Title: Authors: Vicky Lam,

Potential Contribution of Global Marine Fishery Resources to Human
Vicky Lam, (UK)
Wilf Swartz (Canada)
William Cheung (UK)
Gordon Munro (Canada)
Rashid Sumaila, UBC Fisheries Centre (Canada)
Andrew Dyck, University of British Columbia (Canada)
We combine information from several global fisheries databases including
those from the Sea Around Us Project (www.seaaroundus.org) and the
Fisheries Economics Research Unit (http://feru.org) to project the future
potential gains in human welfare under the assumption that (i) global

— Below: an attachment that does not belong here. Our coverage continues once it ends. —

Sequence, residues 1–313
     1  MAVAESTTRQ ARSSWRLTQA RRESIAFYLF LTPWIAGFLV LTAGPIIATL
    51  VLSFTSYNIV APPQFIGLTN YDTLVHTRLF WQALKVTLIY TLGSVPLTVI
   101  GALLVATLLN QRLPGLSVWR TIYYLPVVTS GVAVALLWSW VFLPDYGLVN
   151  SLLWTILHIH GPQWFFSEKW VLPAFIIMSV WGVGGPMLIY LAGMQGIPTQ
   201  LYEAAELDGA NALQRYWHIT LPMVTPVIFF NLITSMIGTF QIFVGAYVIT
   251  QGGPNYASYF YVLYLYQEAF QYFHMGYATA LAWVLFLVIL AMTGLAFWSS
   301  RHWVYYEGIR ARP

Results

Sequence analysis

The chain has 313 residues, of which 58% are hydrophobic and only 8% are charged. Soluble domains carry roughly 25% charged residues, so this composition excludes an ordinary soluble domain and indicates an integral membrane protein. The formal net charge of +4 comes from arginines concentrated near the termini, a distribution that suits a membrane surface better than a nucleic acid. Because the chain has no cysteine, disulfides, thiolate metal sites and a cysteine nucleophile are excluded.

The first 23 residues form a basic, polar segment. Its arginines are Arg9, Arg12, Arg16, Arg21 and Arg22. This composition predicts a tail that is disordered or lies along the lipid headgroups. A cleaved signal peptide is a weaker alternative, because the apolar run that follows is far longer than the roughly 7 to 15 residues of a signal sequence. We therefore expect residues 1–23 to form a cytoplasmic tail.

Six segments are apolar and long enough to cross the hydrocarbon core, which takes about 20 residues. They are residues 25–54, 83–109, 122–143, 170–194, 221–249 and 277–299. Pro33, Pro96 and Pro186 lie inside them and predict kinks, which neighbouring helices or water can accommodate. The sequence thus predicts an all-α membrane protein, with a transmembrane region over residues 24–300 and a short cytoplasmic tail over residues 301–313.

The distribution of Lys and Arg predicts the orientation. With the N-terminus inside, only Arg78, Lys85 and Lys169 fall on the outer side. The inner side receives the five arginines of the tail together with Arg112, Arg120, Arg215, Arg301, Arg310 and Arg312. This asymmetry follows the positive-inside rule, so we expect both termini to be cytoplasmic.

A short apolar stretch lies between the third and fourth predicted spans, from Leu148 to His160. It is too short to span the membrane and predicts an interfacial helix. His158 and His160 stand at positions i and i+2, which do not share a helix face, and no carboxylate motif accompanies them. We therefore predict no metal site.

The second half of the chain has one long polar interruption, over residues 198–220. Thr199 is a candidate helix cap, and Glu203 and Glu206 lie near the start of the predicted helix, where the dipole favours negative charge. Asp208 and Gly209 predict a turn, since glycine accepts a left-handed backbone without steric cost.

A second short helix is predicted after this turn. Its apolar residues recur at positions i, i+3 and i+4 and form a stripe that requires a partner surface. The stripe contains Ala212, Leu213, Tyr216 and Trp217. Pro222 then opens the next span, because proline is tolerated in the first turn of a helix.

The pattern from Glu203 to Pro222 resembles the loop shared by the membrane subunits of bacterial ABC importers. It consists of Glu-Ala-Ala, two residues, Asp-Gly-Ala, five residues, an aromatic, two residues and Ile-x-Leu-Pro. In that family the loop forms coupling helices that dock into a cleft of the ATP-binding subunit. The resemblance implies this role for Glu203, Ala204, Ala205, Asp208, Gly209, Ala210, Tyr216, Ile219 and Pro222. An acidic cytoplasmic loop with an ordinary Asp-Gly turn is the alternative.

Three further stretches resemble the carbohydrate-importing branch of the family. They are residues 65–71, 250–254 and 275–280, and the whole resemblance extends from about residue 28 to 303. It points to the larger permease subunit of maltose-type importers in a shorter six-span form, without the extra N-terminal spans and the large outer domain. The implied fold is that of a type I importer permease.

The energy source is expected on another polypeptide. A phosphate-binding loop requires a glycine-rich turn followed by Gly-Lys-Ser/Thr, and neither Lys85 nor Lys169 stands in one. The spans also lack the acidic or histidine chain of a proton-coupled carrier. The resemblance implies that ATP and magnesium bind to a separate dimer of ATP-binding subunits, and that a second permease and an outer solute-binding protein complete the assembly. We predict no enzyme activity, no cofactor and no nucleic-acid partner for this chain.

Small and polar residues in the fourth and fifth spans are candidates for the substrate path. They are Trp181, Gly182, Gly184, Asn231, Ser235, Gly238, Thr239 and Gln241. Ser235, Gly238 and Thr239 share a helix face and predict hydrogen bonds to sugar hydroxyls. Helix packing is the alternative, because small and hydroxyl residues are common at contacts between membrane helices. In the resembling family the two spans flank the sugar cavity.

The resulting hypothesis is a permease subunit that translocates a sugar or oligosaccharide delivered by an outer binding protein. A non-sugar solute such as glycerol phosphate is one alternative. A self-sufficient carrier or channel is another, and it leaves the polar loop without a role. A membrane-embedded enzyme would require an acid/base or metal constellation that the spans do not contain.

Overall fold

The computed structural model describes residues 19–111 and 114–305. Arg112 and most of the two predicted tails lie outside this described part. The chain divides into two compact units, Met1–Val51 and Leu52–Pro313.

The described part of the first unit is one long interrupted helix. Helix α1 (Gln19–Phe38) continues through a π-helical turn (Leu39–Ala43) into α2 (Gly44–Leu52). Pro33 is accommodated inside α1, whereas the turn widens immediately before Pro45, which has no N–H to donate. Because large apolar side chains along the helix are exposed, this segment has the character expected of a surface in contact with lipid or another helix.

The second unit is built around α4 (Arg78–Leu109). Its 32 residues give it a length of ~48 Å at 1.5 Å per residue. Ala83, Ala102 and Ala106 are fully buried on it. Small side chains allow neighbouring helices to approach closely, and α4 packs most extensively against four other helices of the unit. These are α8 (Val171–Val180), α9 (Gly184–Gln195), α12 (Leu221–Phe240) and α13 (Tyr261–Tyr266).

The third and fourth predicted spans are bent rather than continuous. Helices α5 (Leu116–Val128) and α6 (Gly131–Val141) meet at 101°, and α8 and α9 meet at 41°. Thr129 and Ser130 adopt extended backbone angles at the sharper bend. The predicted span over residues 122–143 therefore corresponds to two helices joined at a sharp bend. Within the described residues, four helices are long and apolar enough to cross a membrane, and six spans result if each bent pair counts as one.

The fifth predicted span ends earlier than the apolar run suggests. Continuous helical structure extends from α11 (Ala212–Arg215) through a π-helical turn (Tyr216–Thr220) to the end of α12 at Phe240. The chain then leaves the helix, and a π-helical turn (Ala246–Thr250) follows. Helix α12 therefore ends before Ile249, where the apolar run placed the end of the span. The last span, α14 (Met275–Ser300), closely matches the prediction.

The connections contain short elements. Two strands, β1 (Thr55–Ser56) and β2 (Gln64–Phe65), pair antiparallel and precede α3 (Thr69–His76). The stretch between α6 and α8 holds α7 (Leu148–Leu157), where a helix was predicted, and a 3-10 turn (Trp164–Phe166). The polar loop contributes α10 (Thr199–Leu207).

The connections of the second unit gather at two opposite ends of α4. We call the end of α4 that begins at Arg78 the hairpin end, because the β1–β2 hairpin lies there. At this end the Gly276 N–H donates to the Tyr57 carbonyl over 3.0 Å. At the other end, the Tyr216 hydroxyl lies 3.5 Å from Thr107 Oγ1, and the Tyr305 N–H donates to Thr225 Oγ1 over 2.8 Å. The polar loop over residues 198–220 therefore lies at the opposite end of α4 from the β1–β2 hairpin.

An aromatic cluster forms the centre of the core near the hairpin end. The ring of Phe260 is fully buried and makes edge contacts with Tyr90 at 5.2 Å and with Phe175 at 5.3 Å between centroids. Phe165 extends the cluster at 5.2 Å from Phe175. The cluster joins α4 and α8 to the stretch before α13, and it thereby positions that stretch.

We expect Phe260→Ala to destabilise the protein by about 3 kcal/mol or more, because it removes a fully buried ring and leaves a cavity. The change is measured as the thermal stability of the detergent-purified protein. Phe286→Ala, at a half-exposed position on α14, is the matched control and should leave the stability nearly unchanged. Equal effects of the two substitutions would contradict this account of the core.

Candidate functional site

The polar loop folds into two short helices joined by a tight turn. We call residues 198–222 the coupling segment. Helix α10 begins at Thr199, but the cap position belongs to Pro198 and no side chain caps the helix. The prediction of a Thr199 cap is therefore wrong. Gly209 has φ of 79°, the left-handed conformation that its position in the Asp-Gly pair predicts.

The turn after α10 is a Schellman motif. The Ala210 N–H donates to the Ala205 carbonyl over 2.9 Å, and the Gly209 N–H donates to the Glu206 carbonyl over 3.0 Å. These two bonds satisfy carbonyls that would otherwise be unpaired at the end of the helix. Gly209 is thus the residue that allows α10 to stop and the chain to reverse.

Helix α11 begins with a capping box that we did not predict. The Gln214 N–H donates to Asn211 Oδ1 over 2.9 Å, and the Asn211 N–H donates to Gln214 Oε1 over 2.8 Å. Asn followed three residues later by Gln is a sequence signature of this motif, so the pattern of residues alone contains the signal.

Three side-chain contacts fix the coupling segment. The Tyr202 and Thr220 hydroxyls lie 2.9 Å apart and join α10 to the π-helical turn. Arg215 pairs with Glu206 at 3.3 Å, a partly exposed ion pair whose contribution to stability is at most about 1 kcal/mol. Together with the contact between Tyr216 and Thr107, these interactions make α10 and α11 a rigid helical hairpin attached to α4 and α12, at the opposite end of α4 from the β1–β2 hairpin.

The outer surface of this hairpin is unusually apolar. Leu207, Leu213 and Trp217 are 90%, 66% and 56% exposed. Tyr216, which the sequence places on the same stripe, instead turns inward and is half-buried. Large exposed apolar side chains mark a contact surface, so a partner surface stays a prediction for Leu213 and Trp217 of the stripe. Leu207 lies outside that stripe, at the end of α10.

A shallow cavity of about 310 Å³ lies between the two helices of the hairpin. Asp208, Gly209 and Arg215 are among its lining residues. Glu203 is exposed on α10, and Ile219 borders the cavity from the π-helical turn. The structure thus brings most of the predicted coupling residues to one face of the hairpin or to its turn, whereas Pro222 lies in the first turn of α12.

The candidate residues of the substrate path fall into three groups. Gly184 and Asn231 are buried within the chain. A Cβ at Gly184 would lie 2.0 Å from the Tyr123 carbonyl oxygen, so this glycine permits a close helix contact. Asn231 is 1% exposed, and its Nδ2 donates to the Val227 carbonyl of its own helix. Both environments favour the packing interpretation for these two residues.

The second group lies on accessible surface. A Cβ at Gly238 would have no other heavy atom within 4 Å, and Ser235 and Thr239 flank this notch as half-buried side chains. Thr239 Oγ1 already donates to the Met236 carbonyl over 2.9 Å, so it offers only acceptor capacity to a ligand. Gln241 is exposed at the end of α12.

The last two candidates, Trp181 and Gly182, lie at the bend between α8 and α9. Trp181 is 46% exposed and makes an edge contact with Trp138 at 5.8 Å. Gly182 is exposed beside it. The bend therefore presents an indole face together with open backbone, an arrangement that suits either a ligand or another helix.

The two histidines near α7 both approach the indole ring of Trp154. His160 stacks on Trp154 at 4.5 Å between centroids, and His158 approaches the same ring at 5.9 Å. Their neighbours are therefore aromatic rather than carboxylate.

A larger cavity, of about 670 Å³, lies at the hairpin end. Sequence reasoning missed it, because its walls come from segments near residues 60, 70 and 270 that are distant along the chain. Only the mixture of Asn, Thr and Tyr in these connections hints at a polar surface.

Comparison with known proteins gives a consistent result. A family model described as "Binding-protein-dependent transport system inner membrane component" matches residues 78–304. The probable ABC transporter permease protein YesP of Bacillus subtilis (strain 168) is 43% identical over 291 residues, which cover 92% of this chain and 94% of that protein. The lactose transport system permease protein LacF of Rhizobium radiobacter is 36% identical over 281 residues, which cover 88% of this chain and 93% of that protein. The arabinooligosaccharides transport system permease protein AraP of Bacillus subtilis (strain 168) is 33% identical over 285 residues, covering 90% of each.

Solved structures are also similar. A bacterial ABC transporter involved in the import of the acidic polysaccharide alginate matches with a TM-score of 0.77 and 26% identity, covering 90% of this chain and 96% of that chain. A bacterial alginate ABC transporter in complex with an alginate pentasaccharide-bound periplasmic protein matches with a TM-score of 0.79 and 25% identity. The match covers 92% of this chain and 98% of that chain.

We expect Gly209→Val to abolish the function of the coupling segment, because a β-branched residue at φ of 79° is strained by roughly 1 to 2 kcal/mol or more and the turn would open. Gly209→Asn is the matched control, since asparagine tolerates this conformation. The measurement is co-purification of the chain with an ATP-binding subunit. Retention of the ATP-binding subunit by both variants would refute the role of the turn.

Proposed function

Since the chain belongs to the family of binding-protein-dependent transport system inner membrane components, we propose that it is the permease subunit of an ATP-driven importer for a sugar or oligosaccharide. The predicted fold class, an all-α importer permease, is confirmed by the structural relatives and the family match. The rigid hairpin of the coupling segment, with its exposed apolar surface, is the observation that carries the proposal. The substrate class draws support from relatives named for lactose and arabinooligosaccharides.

fisheries continue the current declining trend observed over the last several
decades; and (ii) the global community succeeds in doing what it takes to
rebuild global fisheries in such a way that they may be described as
sustainable, where the potential maximum catch from ocean fish
populations are attained through time. Often, fisheries managers feel
pressure to sacrifice the long term health of marine fish resources in favor
of short term economic needs of the fishing industry and consumers. By
estimating the potential contribution of global marine fisheries to human
welfare, the current study seeks to motivate the public and policy makers
alike to develop sound policies aimed at protecting the oceans of the world,
supporting sustainable activities, and therefore the communities that
depend on them.